From a contemporary press report:
John French Ryder, 87, a retired Navy Captain who survived Japanese prisoner-of-war camps during World War II and later became an authority on mine warfare, died March 26, 2001, at Walter Reed Army Medical Center after a stroke.
Captain Ryder, an Arlington resident, was a native of Portland, Oregon, and a 1936 graduate of the U.S. Naval Academy in Annapolis.
At the outset of World War II, he sailed from Manila aboard the submarine Perch, which was damaged by a depth charge and scuttled in the Java Sea. He was recovered by Japanese troops and interrogated in Ofuna, Japan, for five months. He then spent three years in prisoner-of-war camps before being released in 1945.
Later in his 30-year career in the Navy, he taught mine warfare at the Naval War College and served as a staff officer for the Joint Chiefs of Staff. He was a defense contracts administrator at the Defense Supply Agency in Cameron Station when he retired from active duty in 1966.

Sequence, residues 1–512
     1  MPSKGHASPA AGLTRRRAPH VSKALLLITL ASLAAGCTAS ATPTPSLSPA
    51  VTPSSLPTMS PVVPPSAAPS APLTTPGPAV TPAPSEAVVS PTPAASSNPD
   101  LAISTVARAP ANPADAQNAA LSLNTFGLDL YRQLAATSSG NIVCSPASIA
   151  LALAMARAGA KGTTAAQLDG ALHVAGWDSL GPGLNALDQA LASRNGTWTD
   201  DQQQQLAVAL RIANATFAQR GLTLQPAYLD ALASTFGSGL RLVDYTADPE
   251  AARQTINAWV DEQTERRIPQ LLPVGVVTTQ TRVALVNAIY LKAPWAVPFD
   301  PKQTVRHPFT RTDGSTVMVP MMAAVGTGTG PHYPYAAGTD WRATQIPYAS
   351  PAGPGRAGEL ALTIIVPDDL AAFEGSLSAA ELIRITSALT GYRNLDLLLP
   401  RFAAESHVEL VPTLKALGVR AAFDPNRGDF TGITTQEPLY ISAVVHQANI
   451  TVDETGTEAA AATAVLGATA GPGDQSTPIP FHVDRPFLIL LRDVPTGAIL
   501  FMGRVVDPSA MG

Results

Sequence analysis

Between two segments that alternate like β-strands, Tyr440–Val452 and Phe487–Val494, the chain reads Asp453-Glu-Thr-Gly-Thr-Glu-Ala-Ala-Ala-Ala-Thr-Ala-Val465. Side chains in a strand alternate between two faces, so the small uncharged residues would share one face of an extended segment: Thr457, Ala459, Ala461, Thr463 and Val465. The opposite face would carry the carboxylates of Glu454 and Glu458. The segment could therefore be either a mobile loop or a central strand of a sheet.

His military decorations included the Purple Heart.
His wife, Kathleen E. Ryder, died in 1995.
Survivors include two children, Lee K. Ryder of Falls Church and John E. Ryder of Evans, W.Va.; a sister; and a grandson.
RYDER, JOHN F.
On Monday, March 26, 2001, Of Arlington, VA. Beloved husband of the late Kathleen E. Ryder; devoted father of Lee K. Ryder and John E. Ryder; loving brother of Nonearle F. Ryder. Also survived by one grandson, John G. Ryder. Memorial service Tuesday, April 3, 7:30 p.m. at Memorial Baptist Church, 3455 N. Glebe Rd., Arlington, VA. Interment Arlington National Cemetery, April 16, 9 a.m. In lieu of flowers, memorial contributions may be made in his name to the US Navy Memorial Foundation, PO Box 96570, Washington, DC 20077.
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Michael Robert Patterson was born in Arlington and is the son of a former officer of the US Army. So it was no wonder that sooner or later his interests drew him to American history and especially to American military history. Many of his articles can be found on renowned portals like the New York Times, Washingtonpost or Wikipedia.
Reviewed by: Michael Howard